Eden Prairie, Minn.-based Supervalu kicked off its fiscal 2018 with better-than-expected results for wholesale, but worrying same-store sales in retail.
The company reported profit earnings growth of 9 percent on July 25, and revenues of $4 billion during the earnings period that ended June 17. Wholesale was its big gain, up 12% compared to the first quarter of 2017, but retail same store sales were down 4.9% and customer counts down 5%.
Supervalu’s working to enhance customer experience to help turn around retail, said CEO Mark Gross, during the call.
“As we work hard to improve the traffic trend and drive sales, one area of focus is meal solutions, including meal kits and grab-and-go options,” he said. “We’ve long provided meal solutions, but we’re excited with the innovation and expansion we’re rolling out in this area.”
Remodels, particularly in the company’s Cub division, are ongoing.
“We currently have several remodels in process, where we’ll be testing some new innovative merchandising initiatives,” he said. “If successful, we would plan to roll those down later this year and into fiscal 2019.”
Gross also addressed the Amazon/Whole Foods merger’s potential effect on Supervalu.
“A relatively small percentage of our stores and those of our customers have a Whole Foods store in their immediate trade area – remembering that many of our customers operate in more rural parts of the country,” he said. “However, we do see retail and our business becoming more of an omni-channel business, meaning we need to be able to meet and serve customers across several potential shopping experiences.”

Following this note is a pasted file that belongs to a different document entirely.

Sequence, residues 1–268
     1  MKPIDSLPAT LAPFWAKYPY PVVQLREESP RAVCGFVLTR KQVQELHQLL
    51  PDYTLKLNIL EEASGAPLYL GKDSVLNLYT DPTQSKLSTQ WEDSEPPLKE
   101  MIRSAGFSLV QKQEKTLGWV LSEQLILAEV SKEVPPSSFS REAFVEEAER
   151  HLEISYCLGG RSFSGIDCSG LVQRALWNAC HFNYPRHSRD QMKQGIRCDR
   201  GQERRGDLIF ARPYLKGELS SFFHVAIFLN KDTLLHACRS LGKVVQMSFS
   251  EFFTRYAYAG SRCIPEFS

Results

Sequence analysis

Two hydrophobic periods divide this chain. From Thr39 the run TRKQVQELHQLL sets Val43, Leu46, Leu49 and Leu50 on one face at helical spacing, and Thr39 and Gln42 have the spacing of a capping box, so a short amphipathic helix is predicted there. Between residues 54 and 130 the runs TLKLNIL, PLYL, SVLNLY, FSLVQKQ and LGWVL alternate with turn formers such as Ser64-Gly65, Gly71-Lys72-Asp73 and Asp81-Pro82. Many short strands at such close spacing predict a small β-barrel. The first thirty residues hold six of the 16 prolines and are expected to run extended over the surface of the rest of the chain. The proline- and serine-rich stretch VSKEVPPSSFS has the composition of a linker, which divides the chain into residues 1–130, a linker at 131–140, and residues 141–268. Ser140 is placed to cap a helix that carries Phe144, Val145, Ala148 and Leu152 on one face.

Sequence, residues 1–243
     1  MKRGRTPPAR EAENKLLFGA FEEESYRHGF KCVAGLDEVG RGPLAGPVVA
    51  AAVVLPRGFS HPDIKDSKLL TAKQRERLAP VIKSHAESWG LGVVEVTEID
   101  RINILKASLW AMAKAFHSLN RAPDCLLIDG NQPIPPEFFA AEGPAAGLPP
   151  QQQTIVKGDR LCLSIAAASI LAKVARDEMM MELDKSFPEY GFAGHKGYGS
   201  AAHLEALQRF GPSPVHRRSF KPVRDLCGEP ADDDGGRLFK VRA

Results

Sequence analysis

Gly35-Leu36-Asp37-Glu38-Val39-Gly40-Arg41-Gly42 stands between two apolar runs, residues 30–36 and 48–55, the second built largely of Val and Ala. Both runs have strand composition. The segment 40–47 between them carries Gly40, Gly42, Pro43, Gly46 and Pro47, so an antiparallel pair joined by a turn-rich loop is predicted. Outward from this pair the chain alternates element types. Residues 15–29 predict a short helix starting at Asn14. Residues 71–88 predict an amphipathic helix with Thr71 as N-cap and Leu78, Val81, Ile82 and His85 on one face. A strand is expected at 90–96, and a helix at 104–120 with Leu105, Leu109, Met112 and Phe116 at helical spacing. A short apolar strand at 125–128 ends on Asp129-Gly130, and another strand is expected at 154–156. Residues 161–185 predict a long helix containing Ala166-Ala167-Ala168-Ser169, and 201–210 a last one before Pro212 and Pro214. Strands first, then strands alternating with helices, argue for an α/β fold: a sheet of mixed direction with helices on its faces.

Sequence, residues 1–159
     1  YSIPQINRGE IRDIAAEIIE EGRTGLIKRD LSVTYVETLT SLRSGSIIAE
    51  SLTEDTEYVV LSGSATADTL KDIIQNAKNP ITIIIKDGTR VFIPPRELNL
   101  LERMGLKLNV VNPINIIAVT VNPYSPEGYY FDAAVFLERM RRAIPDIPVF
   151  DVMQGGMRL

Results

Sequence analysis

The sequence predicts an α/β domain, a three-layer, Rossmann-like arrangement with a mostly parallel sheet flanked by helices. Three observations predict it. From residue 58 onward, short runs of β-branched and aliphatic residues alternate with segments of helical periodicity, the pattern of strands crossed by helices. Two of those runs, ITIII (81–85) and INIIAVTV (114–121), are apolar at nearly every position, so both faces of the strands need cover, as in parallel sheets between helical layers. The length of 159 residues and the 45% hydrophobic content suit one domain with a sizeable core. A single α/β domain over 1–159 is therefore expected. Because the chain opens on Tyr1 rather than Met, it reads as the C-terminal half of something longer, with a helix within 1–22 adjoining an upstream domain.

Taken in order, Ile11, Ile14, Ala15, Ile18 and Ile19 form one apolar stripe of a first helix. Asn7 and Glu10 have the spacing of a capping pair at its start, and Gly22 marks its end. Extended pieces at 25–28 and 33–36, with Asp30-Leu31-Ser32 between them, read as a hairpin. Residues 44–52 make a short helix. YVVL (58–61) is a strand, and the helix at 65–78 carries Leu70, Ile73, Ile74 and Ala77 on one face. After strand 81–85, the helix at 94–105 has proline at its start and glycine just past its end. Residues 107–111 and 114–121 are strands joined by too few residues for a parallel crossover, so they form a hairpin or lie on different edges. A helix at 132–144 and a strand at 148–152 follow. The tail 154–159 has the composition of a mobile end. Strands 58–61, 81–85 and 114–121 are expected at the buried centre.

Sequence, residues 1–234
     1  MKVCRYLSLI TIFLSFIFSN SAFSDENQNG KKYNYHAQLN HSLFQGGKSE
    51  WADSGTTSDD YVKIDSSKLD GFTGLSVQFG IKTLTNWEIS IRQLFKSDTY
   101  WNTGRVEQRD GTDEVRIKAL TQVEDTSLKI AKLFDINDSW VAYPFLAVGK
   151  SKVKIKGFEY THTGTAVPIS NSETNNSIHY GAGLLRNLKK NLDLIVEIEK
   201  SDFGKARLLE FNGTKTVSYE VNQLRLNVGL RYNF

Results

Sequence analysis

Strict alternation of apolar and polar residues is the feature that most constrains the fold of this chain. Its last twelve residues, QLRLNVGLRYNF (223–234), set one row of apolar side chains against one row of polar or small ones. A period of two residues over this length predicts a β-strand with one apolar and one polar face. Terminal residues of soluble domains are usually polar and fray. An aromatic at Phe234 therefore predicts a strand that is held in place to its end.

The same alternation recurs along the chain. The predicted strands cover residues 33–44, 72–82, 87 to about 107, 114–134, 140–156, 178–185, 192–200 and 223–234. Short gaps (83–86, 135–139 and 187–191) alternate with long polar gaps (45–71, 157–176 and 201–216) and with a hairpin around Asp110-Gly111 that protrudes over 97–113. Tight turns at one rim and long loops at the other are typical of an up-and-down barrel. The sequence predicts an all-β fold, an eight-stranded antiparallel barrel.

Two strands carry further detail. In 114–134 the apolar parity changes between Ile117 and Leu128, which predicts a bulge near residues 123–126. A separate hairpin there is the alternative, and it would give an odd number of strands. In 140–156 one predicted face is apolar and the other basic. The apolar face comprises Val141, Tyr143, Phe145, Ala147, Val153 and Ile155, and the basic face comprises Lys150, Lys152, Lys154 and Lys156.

Fresh off the approval of its purchase of Unified Grocers in the Pacific Northwest, Supervalu is pleased with the growth it’s seeing in the wholesale division, Gross said.
“We’re also seeing continued success in produce, where we again saw a good year-over-year growth in total produce sales,” he said. “In fact, the week leading up to Easter was the largest single week of produce sales in the last eight years.”
Gross said Supervalu continues to evaluate areas to consolidate operations in the Northwest following the Unified incorporation.
“We collectively operate three DCs in the Pacific Northwest, with some resulting excess capacity,” he said. “We believe a different logistic solution will allow us to lower operating cost and we’re working toward finding the configuration that minimizes logistic cost and best serves our customers.”
Supervalu also saw some lower volumes due to the Marsh bankruptcy, but its effect on business was less than expected, and the company picked up new customers in the wake of the Central Grocers bankruptcy, as well.
“We expect to fully mitigate the balance of the lost Marsh volume this fiscal year with new customer wins and, to a lesser degree, stronger than anticipated sales to existing customers,” Gross said.